Sven Sandström and more

Solomon R. Guggenheim Museum | New York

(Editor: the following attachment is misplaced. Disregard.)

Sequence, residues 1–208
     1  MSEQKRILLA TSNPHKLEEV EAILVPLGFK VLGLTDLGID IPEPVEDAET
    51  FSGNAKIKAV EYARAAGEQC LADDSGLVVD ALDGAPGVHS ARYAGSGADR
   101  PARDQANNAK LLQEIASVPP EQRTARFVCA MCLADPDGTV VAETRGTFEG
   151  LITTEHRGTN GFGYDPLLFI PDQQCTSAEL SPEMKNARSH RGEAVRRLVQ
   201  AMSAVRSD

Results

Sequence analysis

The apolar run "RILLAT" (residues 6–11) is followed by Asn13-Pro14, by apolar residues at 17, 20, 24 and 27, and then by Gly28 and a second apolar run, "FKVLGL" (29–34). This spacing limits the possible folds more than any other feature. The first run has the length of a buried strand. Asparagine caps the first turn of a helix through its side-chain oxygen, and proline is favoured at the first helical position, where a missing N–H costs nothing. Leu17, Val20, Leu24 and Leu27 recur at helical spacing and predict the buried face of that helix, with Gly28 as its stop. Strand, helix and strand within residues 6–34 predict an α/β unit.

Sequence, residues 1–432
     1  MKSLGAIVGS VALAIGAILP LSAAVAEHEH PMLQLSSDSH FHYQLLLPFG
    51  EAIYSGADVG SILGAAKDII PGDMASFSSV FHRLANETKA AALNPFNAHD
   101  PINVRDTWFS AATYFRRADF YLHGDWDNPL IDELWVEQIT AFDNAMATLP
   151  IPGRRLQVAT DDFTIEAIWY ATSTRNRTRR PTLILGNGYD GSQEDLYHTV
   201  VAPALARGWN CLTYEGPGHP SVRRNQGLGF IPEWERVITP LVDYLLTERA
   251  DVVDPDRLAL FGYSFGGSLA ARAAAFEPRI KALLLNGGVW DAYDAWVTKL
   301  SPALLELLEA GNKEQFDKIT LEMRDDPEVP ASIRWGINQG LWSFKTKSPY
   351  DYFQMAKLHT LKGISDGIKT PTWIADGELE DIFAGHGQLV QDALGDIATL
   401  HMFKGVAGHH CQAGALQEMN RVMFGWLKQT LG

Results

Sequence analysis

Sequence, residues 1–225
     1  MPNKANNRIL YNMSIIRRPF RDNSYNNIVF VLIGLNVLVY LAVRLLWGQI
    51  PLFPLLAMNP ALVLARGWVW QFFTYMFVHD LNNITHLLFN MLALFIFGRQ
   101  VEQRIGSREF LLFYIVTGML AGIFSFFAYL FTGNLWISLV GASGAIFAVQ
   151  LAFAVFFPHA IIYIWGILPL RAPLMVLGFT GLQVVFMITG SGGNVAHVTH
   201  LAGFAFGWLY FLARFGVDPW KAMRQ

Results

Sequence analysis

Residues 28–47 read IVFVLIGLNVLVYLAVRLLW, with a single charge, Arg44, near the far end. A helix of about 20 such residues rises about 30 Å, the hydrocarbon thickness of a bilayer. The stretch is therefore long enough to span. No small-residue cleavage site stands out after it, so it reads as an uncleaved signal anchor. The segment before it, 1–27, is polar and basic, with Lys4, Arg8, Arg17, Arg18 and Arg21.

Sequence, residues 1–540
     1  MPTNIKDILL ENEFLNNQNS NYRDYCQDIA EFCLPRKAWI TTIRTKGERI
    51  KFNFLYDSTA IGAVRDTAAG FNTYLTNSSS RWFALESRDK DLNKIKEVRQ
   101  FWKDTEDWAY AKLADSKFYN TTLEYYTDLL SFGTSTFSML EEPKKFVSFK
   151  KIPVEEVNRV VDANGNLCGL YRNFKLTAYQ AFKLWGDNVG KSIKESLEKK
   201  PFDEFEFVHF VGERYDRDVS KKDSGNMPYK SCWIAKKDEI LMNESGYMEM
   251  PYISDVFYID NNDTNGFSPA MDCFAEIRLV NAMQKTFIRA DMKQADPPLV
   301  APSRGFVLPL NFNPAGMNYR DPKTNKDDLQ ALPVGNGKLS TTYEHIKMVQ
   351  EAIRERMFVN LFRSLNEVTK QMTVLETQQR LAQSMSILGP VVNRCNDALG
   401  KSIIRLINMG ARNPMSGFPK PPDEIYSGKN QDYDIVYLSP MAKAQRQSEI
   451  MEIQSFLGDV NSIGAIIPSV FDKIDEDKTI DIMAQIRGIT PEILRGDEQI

Rousseau, Redon and Fantasy, Thomas Messer baldly forewarns, is “a summer exhibition organized around a broad and admittedly imprecise theme which, while providing a degree of unity, serves primarily as an occasion to gather . . . a group of beautiful paintings.” Insofar as a large body of Rousseau, Redon and Ensor (who got short shrift in the credits) was assembled, not to mention a legion of works of more or less Symbolist, Dada and Surrealist lineage, the Guggenheim exhibition may be regarded as a success. The problem lies not with the pictures, which are indeed very handsome, but with a serious abdication of responsibility. The museum must (as it pretends to do), at least in part, organize selective thematic overviews and then, in turn, it must properly elucidate these selections—otherwise the pictures become no more than handsome spreads in no way different from the exhibitions of

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